Sally – Your loyal readership is quilting me into working longer hours to continue to post! (Just kidding) It is a fact that I only am allocated 2 hours a week to blog and that is insufficient time to write the kind of curated articles I wish to write. As you said, so many bloggers post materials that look like they dictated it while driving through heavy traffic on their way into work or simple restate what they found in another post. That is not something I am willing to do. I have much more respect for my readership than to treat them in such a cavalier fashion. Thank you for being such a loyal reader. If I do not have time to post feel free to email me with any questions you might have! Thank you for being a such an intelligent and loyal reader! -Brian

  5. Jack says:

    Brian – Where are the other interviews in this series that you promised? We are all waiting breathlessly!!!! In all seriousness, I believe that your interview series is very important. It along with your “A Tale of Two Companies” posts are valuable primers in teaching people how to think agile they have helped me become more of an agile thinker. Please continue to post these. -Jack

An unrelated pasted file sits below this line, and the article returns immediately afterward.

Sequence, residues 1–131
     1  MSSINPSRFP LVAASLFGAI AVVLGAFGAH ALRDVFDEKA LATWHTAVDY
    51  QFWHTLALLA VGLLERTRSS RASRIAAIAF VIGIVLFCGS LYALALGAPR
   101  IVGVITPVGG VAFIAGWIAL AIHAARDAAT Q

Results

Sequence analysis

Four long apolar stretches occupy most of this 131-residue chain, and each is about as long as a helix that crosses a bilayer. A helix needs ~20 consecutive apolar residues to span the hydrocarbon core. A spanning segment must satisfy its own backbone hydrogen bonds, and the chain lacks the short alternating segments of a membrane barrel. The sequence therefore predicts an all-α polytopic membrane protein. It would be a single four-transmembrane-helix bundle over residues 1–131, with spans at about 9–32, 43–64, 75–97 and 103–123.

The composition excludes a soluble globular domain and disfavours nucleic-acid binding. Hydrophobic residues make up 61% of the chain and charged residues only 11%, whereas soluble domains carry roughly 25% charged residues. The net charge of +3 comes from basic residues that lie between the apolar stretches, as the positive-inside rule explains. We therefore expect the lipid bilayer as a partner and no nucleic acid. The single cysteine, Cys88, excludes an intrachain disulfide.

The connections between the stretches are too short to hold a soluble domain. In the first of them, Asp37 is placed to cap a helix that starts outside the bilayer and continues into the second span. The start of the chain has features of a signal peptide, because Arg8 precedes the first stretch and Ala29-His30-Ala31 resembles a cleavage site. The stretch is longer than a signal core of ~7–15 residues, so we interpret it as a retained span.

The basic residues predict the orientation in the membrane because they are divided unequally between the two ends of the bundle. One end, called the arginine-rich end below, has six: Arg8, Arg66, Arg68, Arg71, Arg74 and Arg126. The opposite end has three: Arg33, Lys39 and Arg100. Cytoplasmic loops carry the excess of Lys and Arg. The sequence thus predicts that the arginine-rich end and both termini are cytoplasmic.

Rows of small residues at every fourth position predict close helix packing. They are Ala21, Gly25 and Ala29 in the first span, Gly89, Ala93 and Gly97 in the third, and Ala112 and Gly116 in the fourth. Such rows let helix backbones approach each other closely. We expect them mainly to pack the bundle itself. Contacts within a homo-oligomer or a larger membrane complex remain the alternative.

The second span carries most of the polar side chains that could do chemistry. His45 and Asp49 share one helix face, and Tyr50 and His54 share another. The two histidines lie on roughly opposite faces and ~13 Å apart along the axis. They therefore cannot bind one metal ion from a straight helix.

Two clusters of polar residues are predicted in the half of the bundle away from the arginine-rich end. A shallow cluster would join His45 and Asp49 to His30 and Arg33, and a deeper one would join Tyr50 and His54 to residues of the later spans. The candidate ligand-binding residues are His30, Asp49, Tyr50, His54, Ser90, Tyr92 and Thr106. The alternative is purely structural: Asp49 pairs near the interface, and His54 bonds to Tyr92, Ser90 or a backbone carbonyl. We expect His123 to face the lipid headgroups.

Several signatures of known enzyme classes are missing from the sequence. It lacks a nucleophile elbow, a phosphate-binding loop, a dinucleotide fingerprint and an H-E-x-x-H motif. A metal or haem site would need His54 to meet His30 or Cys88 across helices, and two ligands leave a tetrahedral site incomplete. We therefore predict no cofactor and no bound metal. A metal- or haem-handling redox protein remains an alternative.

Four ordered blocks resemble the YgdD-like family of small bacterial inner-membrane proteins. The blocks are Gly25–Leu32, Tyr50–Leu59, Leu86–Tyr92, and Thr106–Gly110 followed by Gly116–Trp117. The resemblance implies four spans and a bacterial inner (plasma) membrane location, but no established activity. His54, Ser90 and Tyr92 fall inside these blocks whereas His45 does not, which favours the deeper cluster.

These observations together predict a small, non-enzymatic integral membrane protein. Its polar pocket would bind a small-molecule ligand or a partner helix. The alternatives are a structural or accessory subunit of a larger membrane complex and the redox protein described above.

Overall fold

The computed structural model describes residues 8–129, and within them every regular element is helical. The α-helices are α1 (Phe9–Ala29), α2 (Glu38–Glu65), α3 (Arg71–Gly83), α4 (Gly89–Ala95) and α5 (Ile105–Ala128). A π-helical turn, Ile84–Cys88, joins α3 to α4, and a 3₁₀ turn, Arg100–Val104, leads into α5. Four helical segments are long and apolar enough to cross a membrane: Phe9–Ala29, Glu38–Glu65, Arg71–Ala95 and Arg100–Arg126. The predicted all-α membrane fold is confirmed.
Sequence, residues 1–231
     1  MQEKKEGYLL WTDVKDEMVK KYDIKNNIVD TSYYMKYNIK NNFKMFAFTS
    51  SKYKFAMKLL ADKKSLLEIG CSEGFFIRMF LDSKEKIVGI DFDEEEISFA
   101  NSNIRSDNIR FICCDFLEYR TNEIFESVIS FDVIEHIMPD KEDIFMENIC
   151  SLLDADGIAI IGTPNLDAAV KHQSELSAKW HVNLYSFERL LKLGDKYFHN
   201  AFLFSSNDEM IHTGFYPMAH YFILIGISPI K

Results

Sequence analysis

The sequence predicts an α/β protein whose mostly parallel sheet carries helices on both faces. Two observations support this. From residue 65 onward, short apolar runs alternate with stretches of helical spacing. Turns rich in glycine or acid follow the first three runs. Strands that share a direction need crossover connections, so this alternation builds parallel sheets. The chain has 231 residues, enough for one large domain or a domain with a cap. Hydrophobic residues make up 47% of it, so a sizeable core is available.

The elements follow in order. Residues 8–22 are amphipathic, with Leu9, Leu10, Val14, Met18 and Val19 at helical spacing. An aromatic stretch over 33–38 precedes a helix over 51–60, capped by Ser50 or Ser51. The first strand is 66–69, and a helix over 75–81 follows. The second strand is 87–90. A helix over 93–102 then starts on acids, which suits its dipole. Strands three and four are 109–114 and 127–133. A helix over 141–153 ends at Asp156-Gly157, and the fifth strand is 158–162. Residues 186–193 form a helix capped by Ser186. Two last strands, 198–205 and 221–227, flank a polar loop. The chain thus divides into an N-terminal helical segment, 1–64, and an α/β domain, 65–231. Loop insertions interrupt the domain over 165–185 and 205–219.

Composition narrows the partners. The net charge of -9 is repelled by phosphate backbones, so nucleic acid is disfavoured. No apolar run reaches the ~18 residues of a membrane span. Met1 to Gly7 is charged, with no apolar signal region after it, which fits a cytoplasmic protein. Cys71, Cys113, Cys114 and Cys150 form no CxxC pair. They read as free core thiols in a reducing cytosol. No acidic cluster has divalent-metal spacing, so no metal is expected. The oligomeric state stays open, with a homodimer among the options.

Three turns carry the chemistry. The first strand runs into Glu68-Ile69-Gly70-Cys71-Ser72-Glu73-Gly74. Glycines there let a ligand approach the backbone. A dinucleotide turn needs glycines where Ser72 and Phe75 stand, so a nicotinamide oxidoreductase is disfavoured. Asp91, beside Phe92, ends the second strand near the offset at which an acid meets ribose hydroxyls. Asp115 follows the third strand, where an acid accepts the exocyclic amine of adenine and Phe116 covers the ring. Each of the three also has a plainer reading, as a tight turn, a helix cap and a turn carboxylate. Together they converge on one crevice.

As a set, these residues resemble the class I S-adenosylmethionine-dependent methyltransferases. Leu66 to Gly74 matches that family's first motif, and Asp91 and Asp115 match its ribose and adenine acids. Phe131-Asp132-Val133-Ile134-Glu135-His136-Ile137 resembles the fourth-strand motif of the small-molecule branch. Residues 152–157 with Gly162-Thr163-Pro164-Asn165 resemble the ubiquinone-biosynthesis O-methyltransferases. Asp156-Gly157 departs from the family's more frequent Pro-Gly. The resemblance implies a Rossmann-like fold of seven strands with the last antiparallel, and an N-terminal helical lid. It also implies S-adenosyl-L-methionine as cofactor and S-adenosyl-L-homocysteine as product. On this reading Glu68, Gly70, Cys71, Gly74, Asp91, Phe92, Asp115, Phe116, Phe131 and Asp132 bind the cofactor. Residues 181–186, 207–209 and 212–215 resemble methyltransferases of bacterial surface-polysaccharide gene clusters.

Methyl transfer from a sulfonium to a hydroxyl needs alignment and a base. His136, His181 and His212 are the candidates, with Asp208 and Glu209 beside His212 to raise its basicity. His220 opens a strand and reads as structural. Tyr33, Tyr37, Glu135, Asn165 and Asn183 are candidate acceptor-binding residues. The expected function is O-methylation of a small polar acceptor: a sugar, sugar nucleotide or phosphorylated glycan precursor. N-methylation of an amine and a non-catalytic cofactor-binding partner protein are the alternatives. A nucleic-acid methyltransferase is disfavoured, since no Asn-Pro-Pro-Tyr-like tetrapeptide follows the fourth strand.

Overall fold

• Brian says:

      Ah Jack I have to apologize to you and my other readers. I would like to spend more time, but I only get 2 hours a week to do this. To be frank, I have been honored by so many comments that it takes almost that time to read and answer them all. In addition, I receive emails from readers that are great sources of information, wonderful dialogs and sometimes appeals for help. These take an additional 3 to 5 hours a week to answer. In actuality I have been doing all this on my own time for the last month or so, which is why I have not been posting as much. But please keep the faith! Loyal readers such as yourself are a powerful and inspiring force and I will not let you down. -Brian